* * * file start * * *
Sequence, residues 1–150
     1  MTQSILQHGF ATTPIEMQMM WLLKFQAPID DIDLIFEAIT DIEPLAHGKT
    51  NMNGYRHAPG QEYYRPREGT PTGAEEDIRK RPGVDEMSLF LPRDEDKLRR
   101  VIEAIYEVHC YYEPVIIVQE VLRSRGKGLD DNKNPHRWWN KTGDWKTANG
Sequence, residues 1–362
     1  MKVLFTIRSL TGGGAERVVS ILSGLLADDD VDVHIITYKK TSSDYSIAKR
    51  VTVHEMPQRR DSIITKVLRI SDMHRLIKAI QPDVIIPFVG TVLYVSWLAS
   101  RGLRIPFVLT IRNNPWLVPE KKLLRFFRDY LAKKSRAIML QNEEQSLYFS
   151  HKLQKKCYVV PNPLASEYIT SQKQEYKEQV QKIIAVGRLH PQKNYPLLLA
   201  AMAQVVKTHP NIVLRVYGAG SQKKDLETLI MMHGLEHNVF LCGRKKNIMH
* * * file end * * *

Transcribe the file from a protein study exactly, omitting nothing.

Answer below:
Sequence, residues 1–150
     1  MTQSILQHGF ATTPIEMQMM WLLKFQAPID DIDLIFEAIT DIEPLAHGKT
    51  NMNGYRHAPG QEYYRPREGT PTGAEEDIRK RPGVDEMSLF LPRDEDKLRR
   101  VIEAIYEVHC YYEPVIIVQE VLRSRGKGLD DNKNPHRWWN KTGDWKTANG
Sequence, residues 1–362
     1  MKVLFTIRSL TGGGAERVVS ILSGLLADDD VDVHIITYKK TSSDYSIAKR
    51  VTVHEMPQRR DSIITKVLRI SDMHRLIKAI QPDVIIPFVG TVLYVSWLAS
   101  RGLRIPFVLT IRNNPWLVPE KKLLRFFRDY LAKKSRAIML QNEEQSLYFS
   151  HKLQKKCYVV PNPLASEYIT SQKQEYKEQV QKIIAVGRLH PQKNYPLLLA
   201  AMAQVVKTHP NIVLRVYGAG SQKKDLETLI MMHGLEHNVF LCGRKKNIMH